At age 14, girls were ready for marriage.  If a girl wasn’t married by age 16, mom and dad would help find a suitable mate.  At age 19, a girl was an old maid.  Men waited until their mid 20s to early 30s to marry – 14 to 16 year old girls.

During child birth, women continued to wear all of their clothes.  Many women died giving birth to their babies.  Many others died as bleeding and infections, which went unnoticed during childbirth, killed them a few days later.

While men had the easiest of lives, bathing is not something people did very often.  The rich would bathe two to three times a week, middle class one to two times, and poor and slaves two to three times a month.

Poor hygiene was due to the fear that too many baths would cause one to get sick.  When people did bathe, they needed good soap or the lye would take hair right off their bodies.

While rich plantation owners and their families lived better than anyone else, life wasn’t always easy – especially for women.

The treasures of Houmas House

Abraham Lincoln silver sculpture Gutzon Borglum

A 65 pound Abraham Lincoln silver sculpture by Gutzon Borglum

Long gone are the days of plantation life in Louisiana.  Plantation homes like this are now museums romanticizing an era of high class society with beautiful homes.

Today, Houmas House holds as many priceless treasures as it does history lessons.

A 1901 David Grand Steinway piano from Hamburg sits in the parlor as paintings by Edouard Monet and Pual Gaugin hang on the walls.

A priceless sculpture of Abraham Lincoln made out of silver sits on the shelf designed by Gutzon Borglum – the man who sculpted Mount Rushmore.

An early 1800s Hall tree owned by Thomas Jefferson sits on the wall of the Oval Room.  An 1863 music box from Switzerland plays the same 8 songs numerous times a day while a clock owned by Marie Antoinette and Napoleon sits on the mantle.

An 1847 census map of Louisiana hangs on the wall.  Since it was buried in the floors under the Cypress, this kept Louisiana plantations safe during the Civil War.

History lessons from Louisiana plantations

Today, Houmas House is worth millions – and that’s just the furnishings.  However, history lessons may be worth even more.

While we play Colonial Ken and Barbie in our minds, my eyes were opened to the struggles of real life on plantations.  Traveling isn’t easy and our experiences teach us lessons we didn’t expect to learn.

May we hear the stories and reminders of the struggles of slavery and fight that everyone around the world may have freedom.  These are reminders that memorable moments can happen at any time and in any place.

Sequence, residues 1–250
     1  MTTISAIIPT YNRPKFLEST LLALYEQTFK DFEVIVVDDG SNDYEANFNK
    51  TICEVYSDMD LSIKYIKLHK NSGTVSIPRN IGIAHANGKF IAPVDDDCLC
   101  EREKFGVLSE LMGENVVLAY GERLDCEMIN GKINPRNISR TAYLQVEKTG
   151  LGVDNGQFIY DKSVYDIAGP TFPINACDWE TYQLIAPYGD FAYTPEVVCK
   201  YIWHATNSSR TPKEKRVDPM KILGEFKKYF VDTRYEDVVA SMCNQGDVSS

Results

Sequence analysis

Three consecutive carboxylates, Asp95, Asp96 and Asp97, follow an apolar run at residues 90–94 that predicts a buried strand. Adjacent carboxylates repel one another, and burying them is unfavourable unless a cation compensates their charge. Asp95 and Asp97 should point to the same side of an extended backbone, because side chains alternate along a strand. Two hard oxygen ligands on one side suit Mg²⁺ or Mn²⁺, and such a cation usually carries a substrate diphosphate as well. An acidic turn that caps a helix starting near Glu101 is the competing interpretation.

Whether we travel to other cultures or travel back through the centuries of time, Houmas House has opened my eyes to history.  I am reminded me that we need to look past the stereotypes and romantic images of tourist destinations to look at the lives of people.

Treasures, plantation life, and history are buried deep in the annals of Houmas House.  Not everything that is priceless is sitting on the shelf.

What are your thoughts about plantations?  Memories of American romanticism or an era of tough living conditions and harsh history lessons?  Would you want to live on a plantation?

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  1. Charu says:

    I love history lessons learned from tours of homes, especially in the South. Well researched and detailed piece, thank you Jeremy!

    • I love the ties that this home has to South Carolina. Growing up in the South, I am used to grand homes like this. However, I never really visited one and learned about the history. Gave me a different perspective on plantation life.

      Have you done any tours of old homes like this? While not a plantation home, one of my favorites is the Biltmore House.

  2. Christina says:

    Blimey, wearing 13 layers of clothes? Married at 14? Many women dying in childbirth or a few days later… Doesn’t make it very appealing. Definitely tough times!!

    • I was surprised to hear how tough life was. I think we go to beautiful places like this, see the pretty things, and look at life through our 21st century eyes. I may not have a house as big as a plantation home but life is a lot easier now than it was then – even for a guy!

  3. Ladypdj says: